Sad but predictable: The demise of HMV

Sad but predictable: The demise of HMV

Tight aisles. Stacks of DVDs and CDs. Permanent discounts. When I think of HMV, this is what comes to mind. It is a retail experience I dread as an adult. As a teenage I loved it though, we would go in between lectures and browse the newly released singles that we’d heard on Radio 1.

Sadly the world moved on. Supermarkets begain stocking the latest releases and were able to undercut on price. iPods and iTunes made ot easier to access and purchase music track by track. Spotify (Music as a Service) provided free access to nearly every track ever recorded. Just as the traditional music store was on the ropes, the death blow came with Video as a Service (Lovefilm, Netflix, iTunes and so on).

HMV and music stores in general became irrelevant.

Whilst more could have been done with multichannel or digital. The essential and missing part of the marketing mix was relevance. Why would a customer buy from HMV? Would you make them look cool like Apple? Would you make it super easy to buy like Amazon? Would you make it cheaper than anywhere else like a pound store? Would you make it experiential like Disney? Or would you offer an exclusive product that could not be obtained anywhere else?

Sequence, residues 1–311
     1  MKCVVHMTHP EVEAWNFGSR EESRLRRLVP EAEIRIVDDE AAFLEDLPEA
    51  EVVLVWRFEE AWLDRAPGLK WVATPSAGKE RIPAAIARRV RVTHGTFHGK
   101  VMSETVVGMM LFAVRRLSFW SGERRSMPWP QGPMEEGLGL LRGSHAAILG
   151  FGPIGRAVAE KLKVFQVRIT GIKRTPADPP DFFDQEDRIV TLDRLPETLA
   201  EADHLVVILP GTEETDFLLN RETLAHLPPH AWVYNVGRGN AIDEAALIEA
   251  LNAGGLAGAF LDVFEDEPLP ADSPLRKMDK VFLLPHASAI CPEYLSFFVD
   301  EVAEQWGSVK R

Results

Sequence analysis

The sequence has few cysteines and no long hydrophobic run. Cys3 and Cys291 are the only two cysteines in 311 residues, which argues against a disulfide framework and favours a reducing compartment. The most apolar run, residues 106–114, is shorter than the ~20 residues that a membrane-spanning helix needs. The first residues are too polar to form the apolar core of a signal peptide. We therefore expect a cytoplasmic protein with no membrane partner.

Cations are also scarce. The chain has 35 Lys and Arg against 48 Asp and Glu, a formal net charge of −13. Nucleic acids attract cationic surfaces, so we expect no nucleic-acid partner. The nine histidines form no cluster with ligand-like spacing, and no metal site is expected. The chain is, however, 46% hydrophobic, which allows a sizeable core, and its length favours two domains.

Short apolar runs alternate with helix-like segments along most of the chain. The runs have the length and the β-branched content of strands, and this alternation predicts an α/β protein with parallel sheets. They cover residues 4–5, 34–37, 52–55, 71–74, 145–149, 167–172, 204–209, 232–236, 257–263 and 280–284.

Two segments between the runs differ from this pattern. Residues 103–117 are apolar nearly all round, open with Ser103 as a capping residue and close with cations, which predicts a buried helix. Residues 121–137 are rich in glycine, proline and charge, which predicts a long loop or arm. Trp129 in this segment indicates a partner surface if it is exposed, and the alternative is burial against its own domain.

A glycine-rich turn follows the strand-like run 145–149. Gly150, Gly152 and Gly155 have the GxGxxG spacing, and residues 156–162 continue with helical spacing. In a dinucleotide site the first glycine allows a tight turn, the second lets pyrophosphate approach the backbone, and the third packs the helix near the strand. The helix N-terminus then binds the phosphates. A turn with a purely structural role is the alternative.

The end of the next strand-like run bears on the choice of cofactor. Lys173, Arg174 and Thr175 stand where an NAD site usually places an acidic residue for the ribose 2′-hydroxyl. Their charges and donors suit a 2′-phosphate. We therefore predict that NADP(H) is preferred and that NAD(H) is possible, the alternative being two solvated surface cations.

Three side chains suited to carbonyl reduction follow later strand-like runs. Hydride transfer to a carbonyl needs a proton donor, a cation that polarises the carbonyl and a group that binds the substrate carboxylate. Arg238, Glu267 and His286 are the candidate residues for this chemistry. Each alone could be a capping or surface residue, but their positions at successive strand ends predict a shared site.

Unfortunately for HMV they can’t compete on price effectively against the global buying power of Apple or Amazon. Also HMV’s cost base of big stores in prime retail space wouldn’t compete against purely online retailers. Transacting in a retail environment is never going to be as simple as an online transaction where the product is shipped digitally directly into my phone’s music or video library.

This leaves two routes, exclusive products and experience. Perhaps HMV should have got behind indie music in the UK – becoming a record label. A CD Baby of the high street. Experiences could have been created by bringing live music into store. Alternatively experiences could have been created by helping customers find new music with in-store experts, DJs and a social network.

Consider it my opinion, but for retailers to survive they need to understand why they’re relevant and then innovate to get there. It’s risky but not as risky as doing nothing.


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David Sealey is a trusted adviser to senior executives on getting the most from their investment in digital and data. David created Storm81 as a place to share his passion for business, digital technologies, multichannel marketing and everything else around these topics.

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